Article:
5: KNEED FOR SPEED
In 1978, at the Endo’s International Speed Skiing Championships, I witnessed kneeboarding insanity.
The site was the Long Beach Marine Stadium. I only remember the kneeboarder by his nickname, Dumbdee. He was a Long Beach local who talked the promoters into letting him have a speed run on his Tunnel Board. Just to keep things “safe”, he used two straps across his knees to avoid a high-speed ejection.
The drag boat came roaring down the course and Dumbdee was hanging on for dear life. Each of his giant bounces was about 4 feet high and 30 feet long. The bounces got even higher and longer as he accelerated through the quarter mile. He ran the course at nearly 100 mph. Even the drag skiers agreed that his death defying run was stupid, crazy, or both.
When a guy gets fame for insane moves, the lure to keep doing them can be overpowering. Dumbee’s big move was massive air on his kneeboard. He commonly rode long line at 35 mph behind big boats that had big wakes. He took insane cuts and launched himself into spine-tingling jumps. He was the first person I ever remember watching who absolutely charged the wake. I often saw him riding at the Marine Stadium, easily jumping 8-10 feet high and landing 20 or 30 feet past the wakes. And this was in the 1970s. No one except ramp jumpers got that much height. But big air was Dumbdee’s demise. He died after going out the front on one of his massive jumps on the Colorado River.
Uncle Mike also risked life and limb at the same International Championships that featured Dumbdee’s infamous ride as the speed kneeboarder. Mike came to the drag races with no intention to compete. He was there to do hot dogging, kneeboarding and barefooting exhibitions. Fate stepped in with his rival John Taylor, formerly of Glide Slide. Taylor challenged Mike to enter the drag ski race with the “big boys.” Mike came back with a sharp reply, “it obviously doesn’t require any talent to ski fast because you won the past two events.”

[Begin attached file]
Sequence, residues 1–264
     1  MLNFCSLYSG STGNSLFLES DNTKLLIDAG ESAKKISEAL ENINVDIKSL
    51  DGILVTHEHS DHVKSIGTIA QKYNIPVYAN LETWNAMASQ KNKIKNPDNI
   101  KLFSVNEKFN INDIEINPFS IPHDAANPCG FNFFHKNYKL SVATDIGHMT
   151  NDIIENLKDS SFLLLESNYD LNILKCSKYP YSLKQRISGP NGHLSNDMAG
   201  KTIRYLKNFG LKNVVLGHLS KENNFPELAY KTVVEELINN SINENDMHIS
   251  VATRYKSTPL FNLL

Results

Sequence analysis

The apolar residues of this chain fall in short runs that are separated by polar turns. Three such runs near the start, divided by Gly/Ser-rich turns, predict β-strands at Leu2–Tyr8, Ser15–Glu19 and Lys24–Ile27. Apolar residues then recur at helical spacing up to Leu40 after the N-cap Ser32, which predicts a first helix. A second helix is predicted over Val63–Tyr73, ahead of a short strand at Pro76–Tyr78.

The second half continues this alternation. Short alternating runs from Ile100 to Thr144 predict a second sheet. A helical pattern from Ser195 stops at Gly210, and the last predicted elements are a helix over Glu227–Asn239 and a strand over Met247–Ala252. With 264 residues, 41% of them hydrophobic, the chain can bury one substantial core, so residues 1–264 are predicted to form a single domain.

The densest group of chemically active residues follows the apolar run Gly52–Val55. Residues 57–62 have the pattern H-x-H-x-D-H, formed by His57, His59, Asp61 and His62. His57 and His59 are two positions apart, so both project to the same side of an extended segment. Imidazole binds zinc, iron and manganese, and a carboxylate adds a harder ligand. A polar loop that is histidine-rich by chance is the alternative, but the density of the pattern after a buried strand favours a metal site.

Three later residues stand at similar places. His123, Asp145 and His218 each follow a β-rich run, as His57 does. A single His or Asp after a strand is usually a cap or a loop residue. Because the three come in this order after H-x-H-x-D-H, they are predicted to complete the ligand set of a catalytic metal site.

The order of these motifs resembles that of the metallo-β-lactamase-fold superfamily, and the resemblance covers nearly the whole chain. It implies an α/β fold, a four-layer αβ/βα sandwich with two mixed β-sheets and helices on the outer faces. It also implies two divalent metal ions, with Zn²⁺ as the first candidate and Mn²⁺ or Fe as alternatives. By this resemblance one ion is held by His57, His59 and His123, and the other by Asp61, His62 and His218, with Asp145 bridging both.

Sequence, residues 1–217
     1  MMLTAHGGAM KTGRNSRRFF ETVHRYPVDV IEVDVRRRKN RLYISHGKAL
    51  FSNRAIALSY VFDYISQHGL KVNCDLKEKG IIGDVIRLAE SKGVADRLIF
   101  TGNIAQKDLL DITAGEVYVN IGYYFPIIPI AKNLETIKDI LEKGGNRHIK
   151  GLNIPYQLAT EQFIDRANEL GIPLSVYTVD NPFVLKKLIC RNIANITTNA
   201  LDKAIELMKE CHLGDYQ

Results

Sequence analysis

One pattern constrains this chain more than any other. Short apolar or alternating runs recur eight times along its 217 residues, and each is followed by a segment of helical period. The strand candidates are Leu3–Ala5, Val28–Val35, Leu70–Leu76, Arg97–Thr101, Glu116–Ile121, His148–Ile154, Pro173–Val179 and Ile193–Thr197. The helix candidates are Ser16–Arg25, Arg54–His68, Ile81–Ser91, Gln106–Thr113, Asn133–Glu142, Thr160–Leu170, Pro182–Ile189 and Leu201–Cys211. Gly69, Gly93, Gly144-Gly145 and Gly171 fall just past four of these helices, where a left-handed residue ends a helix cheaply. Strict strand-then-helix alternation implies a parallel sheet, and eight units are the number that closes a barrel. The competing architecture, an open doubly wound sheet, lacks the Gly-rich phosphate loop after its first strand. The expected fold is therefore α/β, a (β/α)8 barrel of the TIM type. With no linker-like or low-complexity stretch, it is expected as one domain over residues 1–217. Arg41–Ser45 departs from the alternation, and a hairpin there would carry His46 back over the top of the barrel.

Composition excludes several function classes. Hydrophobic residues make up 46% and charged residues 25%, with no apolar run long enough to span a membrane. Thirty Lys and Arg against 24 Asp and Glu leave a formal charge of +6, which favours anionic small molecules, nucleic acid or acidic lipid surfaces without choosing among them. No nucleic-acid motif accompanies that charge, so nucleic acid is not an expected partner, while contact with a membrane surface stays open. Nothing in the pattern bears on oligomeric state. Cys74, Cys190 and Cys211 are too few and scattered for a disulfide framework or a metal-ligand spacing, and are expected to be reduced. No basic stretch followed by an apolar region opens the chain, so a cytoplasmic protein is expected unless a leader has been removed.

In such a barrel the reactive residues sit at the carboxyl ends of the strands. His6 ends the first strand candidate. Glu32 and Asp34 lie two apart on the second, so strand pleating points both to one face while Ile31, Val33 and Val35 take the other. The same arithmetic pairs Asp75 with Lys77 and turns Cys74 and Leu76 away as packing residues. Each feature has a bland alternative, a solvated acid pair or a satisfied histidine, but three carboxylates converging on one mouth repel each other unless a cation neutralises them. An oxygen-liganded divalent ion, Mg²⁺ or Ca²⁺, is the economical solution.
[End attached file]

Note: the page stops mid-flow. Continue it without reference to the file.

It looked as if it might come to blows, but Mike accepted the challenge, then added one of his own. A $300 bet that he would ski at least 5 mph faster than his nemesis Taylor.
It was the first and last time Murphy ever entered a drag ski race, but he had some speed under his belt as a veteran circle and endurance racer. Mike had to borrow a ski, but the only one he could get was the opposite foot forward. There was even more adversity: he had never been behind the boat or driver. Meanwhile, Taylor posted a respectable run of 110 mph. It was Mike’s turn to put up or shut up. Uncle Nick swam the towrope out to the driver, Mike requested 115 mph, but Nick directed the driver to try and hit 120 mph.
Murphy rode an 8-foot wooden Bemis racing ski as fast as possible for quarter of a mile. His style down the course was unlike any of the other racers. Mike stood up tall with both hands out in front, while the other racers crouched down and wrapped up to resist the massive acceleration. Mike blazed down the course on his first pass. It looked so smooth and easy. 118.92 mph flashed on the board from across the Stadium.[i] The crowd of over 3, 000 cheered. I jumped up and down and told everyone, “that’s my uncle Mike!”
Mike Murphy at 118.92 mph on a Ski
The bet was won, but Mike still wanted to win the event. Skiers had to back up runs to within a few percent to get an official speed. Mike’s second run was just as smooth, and only a mile or two an hour slower. 118.92 mph was the top speed of the day and Murphy was crowned the International Speed Ski Champion. You would think that he had been doing it all his life.
Murphy Proves Himself as One of the World’s Best All Around Skiers. (McLeod, 1979)
[i] Harvey McLeod, “Superstar- Mike Murphy,” Spray, July, 1979, 43.
Images (used with permission)
Cover: “Adventures in Water Skiing: Part 2, Kneeboarding,” photo Rick Doyle, 1994
“Superstar – Mike Murphy,” photo Harvey McLeod, Spray, July, 1979, 43.
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